Jul 14, 2021 - Technology

Twitter scuttles "Fleets"

Photo: Fabian Sommer/picture alliance via Getty Images

Twitter said Wednesday it is shutting down "Fleets," a product akin to Snapchat's "Stories" feature that allows users to post strings of photos and videos for 24 hours before they disappear.

Why it matters: Twitter introduced Fleets last November as a way to connect its users around more ephemeral content. Now, the company says its big bet wasn't producing enough new user engagement to make it worthwhile.

Details: "We weren’t seeing the impact we’d like to see from a big bet, so we’re going to pivot our focus elsewhere," Twitter's head of consumer product Kayvon Beykpour tweeted Wednesday.

  • In a blog post, Twitter's VP of product Ilya Brown said the company built Fleets as "a lower-pressure, ephemeral way for people to share their fleeting thoughts," but the company hasn't seen "an increase in the number of new people joining the conversation with Fleets like we hoped."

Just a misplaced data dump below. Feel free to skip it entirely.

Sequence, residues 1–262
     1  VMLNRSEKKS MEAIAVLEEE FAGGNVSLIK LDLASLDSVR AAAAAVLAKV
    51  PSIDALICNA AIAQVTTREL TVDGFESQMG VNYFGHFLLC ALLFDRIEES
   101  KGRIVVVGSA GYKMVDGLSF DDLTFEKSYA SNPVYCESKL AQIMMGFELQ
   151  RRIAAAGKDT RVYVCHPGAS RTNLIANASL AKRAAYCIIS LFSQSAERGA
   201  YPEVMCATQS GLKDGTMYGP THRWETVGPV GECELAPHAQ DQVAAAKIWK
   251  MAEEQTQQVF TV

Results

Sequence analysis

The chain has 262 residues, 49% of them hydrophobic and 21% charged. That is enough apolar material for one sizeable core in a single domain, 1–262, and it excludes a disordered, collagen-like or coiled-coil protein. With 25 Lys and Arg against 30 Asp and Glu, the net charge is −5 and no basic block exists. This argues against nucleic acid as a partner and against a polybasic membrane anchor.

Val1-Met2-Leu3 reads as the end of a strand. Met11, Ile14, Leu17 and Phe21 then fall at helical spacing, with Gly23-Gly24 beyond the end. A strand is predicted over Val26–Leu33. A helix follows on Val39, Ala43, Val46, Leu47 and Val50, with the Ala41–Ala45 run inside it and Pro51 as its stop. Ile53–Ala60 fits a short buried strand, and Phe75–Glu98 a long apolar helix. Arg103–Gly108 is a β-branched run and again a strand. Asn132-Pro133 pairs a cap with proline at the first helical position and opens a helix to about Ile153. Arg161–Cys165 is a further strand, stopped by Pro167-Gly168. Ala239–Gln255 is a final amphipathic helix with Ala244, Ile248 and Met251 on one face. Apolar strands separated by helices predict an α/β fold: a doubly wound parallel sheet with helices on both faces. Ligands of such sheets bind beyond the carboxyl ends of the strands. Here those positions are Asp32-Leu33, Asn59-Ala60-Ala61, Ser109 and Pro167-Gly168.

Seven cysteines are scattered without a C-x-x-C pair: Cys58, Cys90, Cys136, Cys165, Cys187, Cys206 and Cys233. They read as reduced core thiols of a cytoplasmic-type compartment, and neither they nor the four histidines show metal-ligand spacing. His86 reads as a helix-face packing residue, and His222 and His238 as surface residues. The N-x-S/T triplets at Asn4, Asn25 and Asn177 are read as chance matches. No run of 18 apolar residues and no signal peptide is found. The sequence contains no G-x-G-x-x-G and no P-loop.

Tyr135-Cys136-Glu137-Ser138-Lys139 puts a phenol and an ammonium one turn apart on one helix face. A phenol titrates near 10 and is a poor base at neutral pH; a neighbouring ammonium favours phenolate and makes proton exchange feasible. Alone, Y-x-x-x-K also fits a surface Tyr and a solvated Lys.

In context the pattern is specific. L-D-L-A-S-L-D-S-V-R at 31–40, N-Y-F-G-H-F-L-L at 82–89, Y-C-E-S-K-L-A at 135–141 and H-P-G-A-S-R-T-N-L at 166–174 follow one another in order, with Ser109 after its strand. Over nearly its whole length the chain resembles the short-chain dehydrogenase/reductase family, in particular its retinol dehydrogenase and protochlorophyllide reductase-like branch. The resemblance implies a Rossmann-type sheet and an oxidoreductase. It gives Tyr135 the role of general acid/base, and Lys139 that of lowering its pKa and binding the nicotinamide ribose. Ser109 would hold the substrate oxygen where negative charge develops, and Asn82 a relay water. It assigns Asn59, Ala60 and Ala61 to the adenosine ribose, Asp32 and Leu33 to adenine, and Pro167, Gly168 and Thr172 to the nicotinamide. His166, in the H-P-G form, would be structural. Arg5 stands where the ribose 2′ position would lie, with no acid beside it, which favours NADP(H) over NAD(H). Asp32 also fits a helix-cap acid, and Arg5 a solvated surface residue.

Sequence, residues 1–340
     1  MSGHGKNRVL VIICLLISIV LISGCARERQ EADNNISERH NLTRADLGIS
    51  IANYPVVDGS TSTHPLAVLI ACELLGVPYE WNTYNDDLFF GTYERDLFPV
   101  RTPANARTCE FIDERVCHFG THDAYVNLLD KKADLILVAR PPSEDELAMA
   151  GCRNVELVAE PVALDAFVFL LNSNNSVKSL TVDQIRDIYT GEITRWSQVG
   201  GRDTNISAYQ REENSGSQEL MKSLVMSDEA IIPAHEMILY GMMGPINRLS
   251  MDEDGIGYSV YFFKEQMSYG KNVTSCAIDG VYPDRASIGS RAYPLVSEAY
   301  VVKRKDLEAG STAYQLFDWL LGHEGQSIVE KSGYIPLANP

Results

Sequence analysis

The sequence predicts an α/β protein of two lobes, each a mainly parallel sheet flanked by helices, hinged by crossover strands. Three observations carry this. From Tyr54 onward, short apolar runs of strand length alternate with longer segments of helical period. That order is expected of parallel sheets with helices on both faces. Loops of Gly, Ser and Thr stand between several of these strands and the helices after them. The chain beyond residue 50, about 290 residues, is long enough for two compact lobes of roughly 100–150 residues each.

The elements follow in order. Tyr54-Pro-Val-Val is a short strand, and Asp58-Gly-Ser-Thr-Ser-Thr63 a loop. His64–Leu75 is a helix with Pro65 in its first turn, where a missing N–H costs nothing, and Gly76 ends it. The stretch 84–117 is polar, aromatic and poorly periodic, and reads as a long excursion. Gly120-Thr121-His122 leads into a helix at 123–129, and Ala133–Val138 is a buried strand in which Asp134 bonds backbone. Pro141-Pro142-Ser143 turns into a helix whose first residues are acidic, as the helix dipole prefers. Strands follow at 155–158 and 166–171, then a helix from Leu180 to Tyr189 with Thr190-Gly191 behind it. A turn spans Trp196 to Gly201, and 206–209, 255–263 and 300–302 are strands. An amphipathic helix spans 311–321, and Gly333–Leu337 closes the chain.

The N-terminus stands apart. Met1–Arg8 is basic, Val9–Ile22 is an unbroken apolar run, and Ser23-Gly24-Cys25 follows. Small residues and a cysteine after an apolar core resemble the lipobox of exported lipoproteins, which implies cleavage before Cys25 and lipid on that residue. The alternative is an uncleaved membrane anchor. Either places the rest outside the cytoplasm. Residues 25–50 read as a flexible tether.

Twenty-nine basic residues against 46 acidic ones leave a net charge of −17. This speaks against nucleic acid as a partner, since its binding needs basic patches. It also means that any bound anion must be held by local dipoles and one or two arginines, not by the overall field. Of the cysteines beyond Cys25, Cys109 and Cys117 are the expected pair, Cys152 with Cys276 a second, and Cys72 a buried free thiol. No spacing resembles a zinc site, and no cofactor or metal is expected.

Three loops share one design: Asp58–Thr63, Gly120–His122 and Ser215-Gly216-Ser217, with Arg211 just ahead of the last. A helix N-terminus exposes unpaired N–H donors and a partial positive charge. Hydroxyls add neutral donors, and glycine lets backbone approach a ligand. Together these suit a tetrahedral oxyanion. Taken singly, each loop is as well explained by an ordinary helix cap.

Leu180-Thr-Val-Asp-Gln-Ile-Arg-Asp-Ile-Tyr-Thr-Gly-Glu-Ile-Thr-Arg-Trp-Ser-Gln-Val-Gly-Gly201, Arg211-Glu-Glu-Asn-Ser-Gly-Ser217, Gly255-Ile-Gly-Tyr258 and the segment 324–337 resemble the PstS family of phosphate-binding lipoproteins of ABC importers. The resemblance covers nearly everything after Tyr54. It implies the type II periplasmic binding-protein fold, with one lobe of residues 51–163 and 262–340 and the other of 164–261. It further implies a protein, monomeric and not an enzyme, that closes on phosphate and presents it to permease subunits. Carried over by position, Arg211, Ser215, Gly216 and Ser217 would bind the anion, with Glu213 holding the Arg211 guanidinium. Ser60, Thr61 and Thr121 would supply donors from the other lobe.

• Instead, Twitter found that the people using Fleets were mostly active Twitter users trying to amplify their own Tweets and talk directly with other users.

Yes, but: Twitter says the experiment wasn't a total failure, noting that it helped the company learn about ways it can build better products moving forward.

  • For example, Twitter found that people were often using Fleets to post rich photos and videos. The company plans to test ways to incorporate more multimedia camera features, like the full-screen camera and GIF stickers, to regular Tweets.
  • Twitter also found that the place where Fleets were positioned at the top of the main user feed "continues to be a good spot to highlight what’s happening right now." As a result, the company will continue to put live audio conversation updates from its "Spaces" product there.
  • Twitter also said that the full-screen, vertical ads it tested within Fleets will be examined to learn ways it can update existing ad products.

The big picture: The ultimate goal of Fleets was to get more users to engage on Twitter. Because Fleets didn't meet that goal, Brown says Twitter will remain focused on "building tools that inspire new forms of conversation on Twitter."

The bottom line: "[B]ig bets are risky and speculative, so by definition some of them won’t work. If we’re not having to wind down features every once in a while, then it would be a sign that we’re not taking big enough swings," Beykpour tweeted.

What's next: Fleets will officially go away Aug. 3.

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